The IRS is still in the process of clearing its backlog, with nearly a million claims still unprocessed out of an estimated 3.6 million claims to the ERTC program.3 Yet, the IRS cannot do its job if it is complicated by the rampant levels of fraudulent and inaccurate claims, which creates longer wait times for legitimate claimants to receive relief. With over $2.8 billion of potentially fraudulent claims being made to the IRS, there is growing evidence that deceptive practices are used on claimants.4

A key part of this issue stems from possible deceptive marketing and advertising practices used by predatory tax promoters or preparers, including purported business advisors, to recommend ineligible businesses for ERTC relief. And for those that are eligible, such businesses charge “large upfront fees to claim the credit [or] fees based on a percentage of the refund.”5 While we cannot know for certain whether these deceptive tactics by these sources are responsible for the flood of fraudulent claims impacting the IRS, there is certainly a correlation between the prevalence of inaccurate or misleading advertisements and the rise in fraudulent claims to the IRS. ERTC scams went from not even being present on the IRS's “dirty dozen” 6 list of the worst tax scams to being the leading tax scam on the list in 2023.7 In a period running from October 2022 to May 2023, more than 9,000 advertisements regarding the ERTC ran on national and local television networks, with roughly three-quarters of these advertisements coming from one source.8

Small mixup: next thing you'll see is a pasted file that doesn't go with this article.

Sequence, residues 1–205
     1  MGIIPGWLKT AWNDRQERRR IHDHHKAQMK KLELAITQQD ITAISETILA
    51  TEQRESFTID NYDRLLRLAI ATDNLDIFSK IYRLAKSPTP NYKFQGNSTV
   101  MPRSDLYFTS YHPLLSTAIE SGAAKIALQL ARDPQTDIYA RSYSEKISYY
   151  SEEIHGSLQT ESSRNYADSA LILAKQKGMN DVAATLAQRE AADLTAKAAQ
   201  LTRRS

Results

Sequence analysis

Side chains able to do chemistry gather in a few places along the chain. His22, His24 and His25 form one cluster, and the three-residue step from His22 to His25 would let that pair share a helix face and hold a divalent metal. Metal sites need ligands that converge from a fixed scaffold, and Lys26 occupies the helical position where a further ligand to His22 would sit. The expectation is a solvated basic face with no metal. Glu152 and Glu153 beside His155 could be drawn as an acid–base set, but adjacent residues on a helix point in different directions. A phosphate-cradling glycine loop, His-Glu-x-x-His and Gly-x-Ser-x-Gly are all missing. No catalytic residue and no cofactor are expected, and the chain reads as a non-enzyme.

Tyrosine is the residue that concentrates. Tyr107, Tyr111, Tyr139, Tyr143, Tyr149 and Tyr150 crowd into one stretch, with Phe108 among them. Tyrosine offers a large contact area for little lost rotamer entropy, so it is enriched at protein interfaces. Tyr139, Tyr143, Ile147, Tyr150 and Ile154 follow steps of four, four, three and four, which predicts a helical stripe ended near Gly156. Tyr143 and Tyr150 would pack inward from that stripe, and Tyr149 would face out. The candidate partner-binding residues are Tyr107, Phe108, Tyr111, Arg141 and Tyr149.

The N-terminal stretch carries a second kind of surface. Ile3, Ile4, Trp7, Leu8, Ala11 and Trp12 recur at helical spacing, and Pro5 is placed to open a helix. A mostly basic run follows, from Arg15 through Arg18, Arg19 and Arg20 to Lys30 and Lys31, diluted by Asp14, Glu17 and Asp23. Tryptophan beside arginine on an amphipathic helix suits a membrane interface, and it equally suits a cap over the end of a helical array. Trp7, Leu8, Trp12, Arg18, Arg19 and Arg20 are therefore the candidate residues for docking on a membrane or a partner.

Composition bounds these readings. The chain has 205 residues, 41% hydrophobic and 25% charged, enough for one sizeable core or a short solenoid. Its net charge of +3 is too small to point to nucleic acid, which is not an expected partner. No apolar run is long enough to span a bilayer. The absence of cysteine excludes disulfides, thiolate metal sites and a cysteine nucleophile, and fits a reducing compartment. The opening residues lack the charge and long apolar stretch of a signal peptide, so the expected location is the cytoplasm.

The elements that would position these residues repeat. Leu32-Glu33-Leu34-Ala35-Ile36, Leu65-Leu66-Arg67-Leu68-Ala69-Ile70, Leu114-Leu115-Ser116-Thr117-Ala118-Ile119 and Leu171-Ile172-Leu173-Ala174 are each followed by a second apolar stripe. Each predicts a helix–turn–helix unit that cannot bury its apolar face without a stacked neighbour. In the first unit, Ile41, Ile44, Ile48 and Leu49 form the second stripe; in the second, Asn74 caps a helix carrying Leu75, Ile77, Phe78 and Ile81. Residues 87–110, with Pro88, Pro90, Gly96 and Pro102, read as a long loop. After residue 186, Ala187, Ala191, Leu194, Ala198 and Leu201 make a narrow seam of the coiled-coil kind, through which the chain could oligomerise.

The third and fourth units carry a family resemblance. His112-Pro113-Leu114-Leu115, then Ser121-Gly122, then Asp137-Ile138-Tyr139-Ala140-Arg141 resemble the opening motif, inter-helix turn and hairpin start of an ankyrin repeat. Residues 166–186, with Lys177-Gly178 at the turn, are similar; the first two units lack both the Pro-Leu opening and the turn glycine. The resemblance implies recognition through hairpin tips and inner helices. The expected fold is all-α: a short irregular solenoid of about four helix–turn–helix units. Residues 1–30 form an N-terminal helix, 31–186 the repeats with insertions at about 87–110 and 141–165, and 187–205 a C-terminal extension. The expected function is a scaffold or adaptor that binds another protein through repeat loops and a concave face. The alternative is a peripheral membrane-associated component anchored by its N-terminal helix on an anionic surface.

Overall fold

The IRS is already warning taxpayers of the aggressive marketing on ERTC. According to the IRS, “some [ERTC] mills are sending out fake letters to taxpayers from the non-existent groups like the "Department of Employee Retention Credit." These letters can be made to look like official IRS correspondence or an official government mailing with language urging immediate action.”9 The predatory promoters of the ERTC “make broad arguments suggesting that all employers are eligible without evaluating an employer's individual circumstances.”10

While businesses may only receive payment if a claim is deemed eligible, these are only a few examples of the exploitative practices that are causing a significant number of false claims. This not only diminishes the impact of a well-intentioned federal program but also takes funds from those who are entitled to them.